Two gifts from Bernardo Carducci

The holiday season can be trying for many people because of what psychology professor and shyness expert Bernardo Carducci calls “density intensity,” which can deepen holiday blues, and because of a discomfort with small talk, a social staple that gets a bad rap even though Carducci refers to it as “the cornerstone of civility.”

Bernardo J. Carducci

Bernardo J. Carducci

Gift one: Great advice for understanding and lightening up the holiday blues.

Gift two: Concrete tips for managing small talk and for warming up to holiday parties. Carducci reminds readers that an estimated 40 percent of the population is shy.

“Shy people think they’re the only people who are shy,” said Carducci, director of the Shyness Research Institute at Indiana University Southeast and author of “The Pocket Guide to Making Successful Small Talk: How to Talk to Anyone Anytime Anywhere About Anything.” “They suffer in silence. We say, ‘Look to your left, look to your right.'”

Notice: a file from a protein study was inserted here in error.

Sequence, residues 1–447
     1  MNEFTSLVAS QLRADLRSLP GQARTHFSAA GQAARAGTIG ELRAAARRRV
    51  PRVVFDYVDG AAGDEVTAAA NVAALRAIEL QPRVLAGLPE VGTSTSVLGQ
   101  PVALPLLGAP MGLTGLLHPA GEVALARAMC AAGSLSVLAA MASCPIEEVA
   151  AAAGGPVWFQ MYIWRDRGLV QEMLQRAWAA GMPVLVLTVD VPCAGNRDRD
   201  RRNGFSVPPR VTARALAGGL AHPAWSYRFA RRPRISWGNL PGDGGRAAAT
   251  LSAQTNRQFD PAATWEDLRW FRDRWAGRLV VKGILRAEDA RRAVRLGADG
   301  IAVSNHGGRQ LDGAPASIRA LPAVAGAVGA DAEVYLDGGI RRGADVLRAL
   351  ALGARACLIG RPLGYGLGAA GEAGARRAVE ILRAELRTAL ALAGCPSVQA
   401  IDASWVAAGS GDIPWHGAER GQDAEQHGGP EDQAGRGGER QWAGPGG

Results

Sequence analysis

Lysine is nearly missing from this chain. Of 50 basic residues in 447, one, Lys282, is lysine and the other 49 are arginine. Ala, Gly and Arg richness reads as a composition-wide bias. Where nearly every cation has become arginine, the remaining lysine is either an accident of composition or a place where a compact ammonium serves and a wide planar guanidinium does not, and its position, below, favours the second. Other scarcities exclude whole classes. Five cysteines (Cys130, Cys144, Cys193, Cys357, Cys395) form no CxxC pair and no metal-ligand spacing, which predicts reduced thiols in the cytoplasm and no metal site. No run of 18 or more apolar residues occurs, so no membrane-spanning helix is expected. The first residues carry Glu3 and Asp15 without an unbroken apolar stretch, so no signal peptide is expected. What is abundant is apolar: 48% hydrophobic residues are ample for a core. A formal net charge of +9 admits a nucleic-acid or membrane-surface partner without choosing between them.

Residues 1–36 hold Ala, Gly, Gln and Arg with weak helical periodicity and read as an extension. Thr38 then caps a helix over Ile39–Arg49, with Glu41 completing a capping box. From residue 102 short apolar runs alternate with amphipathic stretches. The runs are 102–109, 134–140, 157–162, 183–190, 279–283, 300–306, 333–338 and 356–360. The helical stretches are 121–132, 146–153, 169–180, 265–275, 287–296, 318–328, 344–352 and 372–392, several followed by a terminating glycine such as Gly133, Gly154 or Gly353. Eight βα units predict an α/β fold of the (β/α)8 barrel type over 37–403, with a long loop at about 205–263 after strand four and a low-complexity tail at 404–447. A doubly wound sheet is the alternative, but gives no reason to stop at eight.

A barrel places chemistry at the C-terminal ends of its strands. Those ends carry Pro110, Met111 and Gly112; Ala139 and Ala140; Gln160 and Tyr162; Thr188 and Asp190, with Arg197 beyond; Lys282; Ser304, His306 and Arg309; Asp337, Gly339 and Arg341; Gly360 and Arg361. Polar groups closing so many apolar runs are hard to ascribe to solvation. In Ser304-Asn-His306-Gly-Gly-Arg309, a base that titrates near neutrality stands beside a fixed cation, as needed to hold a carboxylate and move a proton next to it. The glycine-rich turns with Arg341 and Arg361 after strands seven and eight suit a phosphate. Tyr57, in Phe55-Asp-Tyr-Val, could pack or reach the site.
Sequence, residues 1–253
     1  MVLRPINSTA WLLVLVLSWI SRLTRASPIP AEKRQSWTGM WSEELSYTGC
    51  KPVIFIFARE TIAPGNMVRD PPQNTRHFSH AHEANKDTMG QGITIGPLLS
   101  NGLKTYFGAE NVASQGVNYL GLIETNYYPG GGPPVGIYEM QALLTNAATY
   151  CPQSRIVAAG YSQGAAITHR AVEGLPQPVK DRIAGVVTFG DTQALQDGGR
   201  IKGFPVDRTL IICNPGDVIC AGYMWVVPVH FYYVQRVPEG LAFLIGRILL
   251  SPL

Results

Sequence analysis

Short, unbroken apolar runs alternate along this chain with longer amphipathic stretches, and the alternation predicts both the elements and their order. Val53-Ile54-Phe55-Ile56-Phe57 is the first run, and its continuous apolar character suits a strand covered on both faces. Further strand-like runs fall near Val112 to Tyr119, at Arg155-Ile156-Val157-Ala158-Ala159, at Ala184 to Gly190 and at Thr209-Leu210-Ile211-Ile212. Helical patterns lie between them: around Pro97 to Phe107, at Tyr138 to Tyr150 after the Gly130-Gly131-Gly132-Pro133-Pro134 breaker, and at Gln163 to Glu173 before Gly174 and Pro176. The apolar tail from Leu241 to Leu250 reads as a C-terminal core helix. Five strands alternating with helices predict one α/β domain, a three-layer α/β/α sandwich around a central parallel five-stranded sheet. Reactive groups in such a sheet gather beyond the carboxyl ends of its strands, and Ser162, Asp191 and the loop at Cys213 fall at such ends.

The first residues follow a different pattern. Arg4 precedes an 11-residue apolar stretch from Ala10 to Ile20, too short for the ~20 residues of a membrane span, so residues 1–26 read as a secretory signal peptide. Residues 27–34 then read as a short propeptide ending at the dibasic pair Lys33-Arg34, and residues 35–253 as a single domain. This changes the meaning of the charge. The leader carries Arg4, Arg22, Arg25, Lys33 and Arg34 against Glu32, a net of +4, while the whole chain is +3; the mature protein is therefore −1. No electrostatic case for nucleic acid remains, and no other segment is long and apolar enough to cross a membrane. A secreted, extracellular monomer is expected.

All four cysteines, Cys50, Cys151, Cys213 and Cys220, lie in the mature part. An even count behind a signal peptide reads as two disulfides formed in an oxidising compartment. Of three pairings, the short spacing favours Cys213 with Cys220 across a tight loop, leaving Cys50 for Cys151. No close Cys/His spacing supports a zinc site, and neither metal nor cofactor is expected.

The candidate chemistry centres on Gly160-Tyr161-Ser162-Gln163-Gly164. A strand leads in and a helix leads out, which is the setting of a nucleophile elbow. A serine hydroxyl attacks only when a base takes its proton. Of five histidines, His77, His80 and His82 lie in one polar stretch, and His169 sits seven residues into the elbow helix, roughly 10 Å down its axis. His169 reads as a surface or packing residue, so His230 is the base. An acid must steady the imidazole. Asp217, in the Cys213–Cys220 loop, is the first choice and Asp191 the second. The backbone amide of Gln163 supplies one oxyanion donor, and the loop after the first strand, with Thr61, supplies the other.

Around the holidays, people often do more, travel more and socialize more, creating a period of emotional and psychological density, as in “density intensity.”

“If you’re typically sad and down, this time of year intensifies that,” Carducci told me for a media tip on this topic. “If you’re generally a pretty happy person, it really puts you in the spirit.”

People who feel low can actually bring down people around them who are not depressed, Carducci said, while cheerful people generally do not make people around them more cheerful. His media tip goes into more detail, but here are some of his tips:

  • Be wary of humbugs. Be aware that this time of year can make people who are typically cynical and toxic even worse, so consider avoiding them.
  • Express gratitude. Being thankful can help put life into perspective and counteract a tendency many people have to focus on what they don’t have or how their life is far from picture perfect.
  • Random acts of kindness, intentional acts of kindness. Hold the door open for someone, let someone else have that parking space. Carducci said the holidays also are a great time to pay extra attention to the people you know you can count on when you’re down.
  • Get real. Carducci encourages people to focus on the present and to realize the past is not always as great as we remember. He also suggests people avoid “aspirational media,” which makes it appear that what we need is “more, more, more,” such as bigger TVs and smaller phones.

Don’t forget to read his tips for making small talk – they’re good for shy adults and kids.

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